Pravin Sawhney and Ghazala Wahab
The Aero-India 2005 at the Yelahanka airbase near Bangalore certainly got to a flying start. As India’s MiGs, Sukhois, Mirages, Advanced Light Helicopters (ALH) and Intermediate Jet Trainers (IJT) soared in rapid succession to the crescendo of applause, the chests of officials from Hindustan Aeronautical Ltd (HAL) swelled with collective pride. Their presence at the show site was unmistakable. The HAL banner was flying right across the Yelahanka horizon; their static display hogged the Aerial Display Viewing Area and their stall took up almost an entire hall. To emphasise the HAL presence at the show, the press-kit for the journalists came in the form of an executive bag containing the usual press releases, background information, a writing notebook with a pen and a HAL embossed digital timer. Even the cash flushed foreign companies who were competing with one another to secure a slice of India’s defence expenditure did not go beyond sheaves of releases and brochures. The HAL staffers bustled around importantly and the chairman, Ashok Baweja opened the press conference with words to the effect: “You all saw the magnificent air show in the morning. They all were HALL products. What more can I say about our organisation.”
The Russians, on the other hand, were strutting around with a smirk. Led by the umbrella, Rosoboronexport, they had a sizeable presence, comparable with the Israeli companies. Unlike the Americans (who came with F-15s, PC3 Orions, Super Herclues, Bell helicopters), they had not brought along any aircraft for static display. They didn’t need to. To everything that HAL laid claim, the Russians had the first claim. As one member of the Russian entourage pointed out, without exaggeration, “Almost everything that you see here is either made by us or is of Russian origin. After all, our relationship goes back a long way and HAL is now quite familiar with the Russian equipment.”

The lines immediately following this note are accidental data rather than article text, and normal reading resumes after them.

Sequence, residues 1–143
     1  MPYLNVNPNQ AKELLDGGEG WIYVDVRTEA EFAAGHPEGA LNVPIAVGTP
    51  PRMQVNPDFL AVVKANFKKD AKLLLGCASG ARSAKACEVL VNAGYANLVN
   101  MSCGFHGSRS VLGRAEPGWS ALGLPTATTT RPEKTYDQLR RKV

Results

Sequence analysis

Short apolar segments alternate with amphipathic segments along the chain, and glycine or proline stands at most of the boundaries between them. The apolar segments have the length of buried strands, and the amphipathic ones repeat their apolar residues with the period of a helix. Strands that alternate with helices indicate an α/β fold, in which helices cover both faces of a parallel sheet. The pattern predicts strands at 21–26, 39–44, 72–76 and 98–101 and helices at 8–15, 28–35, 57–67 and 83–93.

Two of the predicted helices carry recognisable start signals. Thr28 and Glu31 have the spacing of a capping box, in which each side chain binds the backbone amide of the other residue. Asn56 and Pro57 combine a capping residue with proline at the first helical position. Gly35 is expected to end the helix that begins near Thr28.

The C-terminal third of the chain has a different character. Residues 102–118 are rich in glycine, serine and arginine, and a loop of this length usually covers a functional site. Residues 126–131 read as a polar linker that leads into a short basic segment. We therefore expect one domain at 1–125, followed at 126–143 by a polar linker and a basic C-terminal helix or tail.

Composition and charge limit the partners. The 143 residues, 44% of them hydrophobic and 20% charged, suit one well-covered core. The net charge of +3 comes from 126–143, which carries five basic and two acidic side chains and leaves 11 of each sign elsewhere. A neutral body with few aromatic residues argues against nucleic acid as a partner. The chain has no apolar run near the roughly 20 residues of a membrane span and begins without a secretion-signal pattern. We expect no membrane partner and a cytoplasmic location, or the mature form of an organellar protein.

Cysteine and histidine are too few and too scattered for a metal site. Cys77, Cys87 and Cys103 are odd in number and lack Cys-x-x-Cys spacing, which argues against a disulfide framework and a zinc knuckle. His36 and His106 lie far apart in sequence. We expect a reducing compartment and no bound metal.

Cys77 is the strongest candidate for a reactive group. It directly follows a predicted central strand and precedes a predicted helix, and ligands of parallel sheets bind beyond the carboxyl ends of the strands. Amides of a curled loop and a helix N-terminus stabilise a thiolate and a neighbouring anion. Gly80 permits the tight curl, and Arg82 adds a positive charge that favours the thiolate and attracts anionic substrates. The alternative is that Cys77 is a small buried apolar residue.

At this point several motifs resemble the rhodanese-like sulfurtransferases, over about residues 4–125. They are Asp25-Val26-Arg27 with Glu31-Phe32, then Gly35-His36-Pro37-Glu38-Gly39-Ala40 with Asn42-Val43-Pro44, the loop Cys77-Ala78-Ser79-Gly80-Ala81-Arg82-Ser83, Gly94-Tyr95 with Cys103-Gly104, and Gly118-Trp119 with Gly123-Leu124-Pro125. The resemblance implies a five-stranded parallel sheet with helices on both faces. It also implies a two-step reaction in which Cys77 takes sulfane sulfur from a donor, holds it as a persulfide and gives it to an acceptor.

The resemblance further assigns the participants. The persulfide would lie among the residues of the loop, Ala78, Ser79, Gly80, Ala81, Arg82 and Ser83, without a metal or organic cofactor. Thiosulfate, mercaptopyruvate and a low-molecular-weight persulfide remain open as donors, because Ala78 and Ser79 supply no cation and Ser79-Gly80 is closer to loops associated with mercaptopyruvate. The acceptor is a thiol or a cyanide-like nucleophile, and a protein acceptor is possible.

Though meant to be a live advertisement for Indian wares, the Aero-India proved to be a perfect place for the western companies to showcase their systems. The foreign participants, such as Lockheed Martin, Embraer, Rosoboronexport and Boeing among others, in their daily briefings, announced a number of agreements they had reached with HAL and the Defence Research and Development Organisation. Interestingly, even as foreign companies seemed eager to announce sundry agreements with Indian public sector undertakings (PSUs), the Indians were most reluctant to make a big deal of it. For instance, US giant Lockheed Martin Corpo9ration tom-tommed about the Technical Assistance Agreement (TAA) they signed with HAL a day prior to Aero-India. The HAL chairman, however, dismissed it by saying that HAL didn’t vet the press statement made by Lockheed Martin. The TAA essentially was a very preliminary Non-Disclosure Agreement (NDA) which may or may not lead to technical cooperation. Clearly, everyone was a seller here, And buyers were in short supply.
It appeared, and perhaps not wrongly, that the five-day Aero-India extravaganza was meant exclusively for HAL.. Not only to project its achievements but also to ensure that foreign companies understand that the runway to Indian aerospace runs through the corridors of HAL. Sure, there were a number of participants from the private sector. But their singular booths looked forlorn. Yet many were confident that HAL’s bilateral agreements with foreign companies will have positive spin-offs for them.